Area officials received an update Wednesday on the planning phase of work on a 20-year plan for improvements to the U.S. Highway 75 corridor that will include upgrading it to a six-lane divided highway. The update came during a Sherman-Denison Metropolitan Planning Organization meeting with consultants.


During this discussion, engineers and other representatives voiced some concerns with how data and information is being gathered and calculated amid expected growth in the region in coming years from migration north from the Dallas-Fort Worth Metroplex.


These concerns included questions on how much growth the region will see in the near future and how to include that in roadway planning.


“I disagree that we cannot predict the future growth rate,” Sherman Director of Public Works and Engineering Clay Barnett said. “Sherman is at 3.3 percent now.”


In the progress report for the project, consultant Larry Redden, representing IEA, said the models being used by the consultants to plan future upgrades along Hwy. 75 are based on 1.8 percent annual growth. However, some feel this underrepresents the growth the region will see in coming years.


Local officials voiced concerns that this might lead to issues later on if growth is greater than these roadways can handle.


Barnett said it is better and cheaper for TxDOT to plan ahead now and purchase right-of-way land early on rather than have to purchase it later after growth has come to the region. SDMPO Director Karl Welzenbach said similar growth seen in recent years in Allen and McKinney could be used as a template for the region.


Other concerns were raised about the grading scale used to judge both current and future congestion. The scale used graded service ranging from an A to F, which represents major problems and back ups. Welzenbach said current plans call for congestion along Hwy. 75 to be held at a C on this scale. Under current models, however, congestion at the intersection of U.S. Highways 75 and 82 is only rated a B.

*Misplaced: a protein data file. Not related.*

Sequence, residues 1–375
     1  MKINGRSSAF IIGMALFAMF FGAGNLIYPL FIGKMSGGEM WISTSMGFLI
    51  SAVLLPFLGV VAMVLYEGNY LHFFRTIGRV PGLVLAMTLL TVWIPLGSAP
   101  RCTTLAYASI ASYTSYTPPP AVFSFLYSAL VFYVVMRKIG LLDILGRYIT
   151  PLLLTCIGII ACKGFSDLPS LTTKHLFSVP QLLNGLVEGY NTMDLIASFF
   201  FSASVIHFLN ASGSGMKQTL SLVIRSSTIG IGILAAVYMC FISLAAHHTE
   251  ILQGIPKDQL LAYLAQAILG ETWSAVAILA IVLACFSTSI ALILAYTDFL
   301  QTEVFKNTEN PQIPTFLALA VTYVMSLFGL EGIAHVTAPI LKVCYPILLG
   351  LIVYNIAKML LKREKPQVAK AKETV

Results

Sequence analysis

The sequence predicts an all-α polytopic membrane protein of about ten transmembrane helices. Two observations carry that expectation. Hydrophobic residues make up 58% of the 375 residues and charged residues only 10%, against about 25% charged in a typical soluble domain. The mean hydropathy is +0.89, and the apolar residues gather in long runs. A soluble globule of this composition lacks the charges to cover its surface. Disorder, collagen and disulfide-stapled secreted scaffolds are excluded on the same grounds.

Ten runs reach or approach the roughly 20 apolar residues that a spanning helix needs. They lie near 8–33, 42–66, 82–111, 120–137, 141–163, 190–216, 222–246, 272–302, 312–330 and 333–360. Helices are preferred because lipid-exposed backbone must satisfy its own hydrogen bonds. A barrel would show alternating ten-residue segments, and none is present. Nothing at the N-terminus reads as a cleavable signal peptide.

“These is no way that 75-82 is anything more than an F,” Barnett said, referring to the off ramp for Hwy. 82.


Barnett added that congestion varies on location depending on the time of day, and the models are based only on peek afternoon hours. He added that this model doesn’t fully represent the patterns for these intersections, including the impact of freight trucks destined to travel north on Hwy. 75.


Ed Pultorak, a consultant with Jacobs, said the intersection likely rated highly due to all four corners being calculated as one. Instead, Pultorak said these locations can be separated in future models to better represent the traffic situation.


In other matters, Redden said consultants have received 610 responses to surveys from local citizens about concerns on the roadway. Redden said the majority of these responses have come from local drivers. In previous meetings, SDMPO officials said they hoped for a broad response to the surveys including opinions from drivers coming from Oklahoma.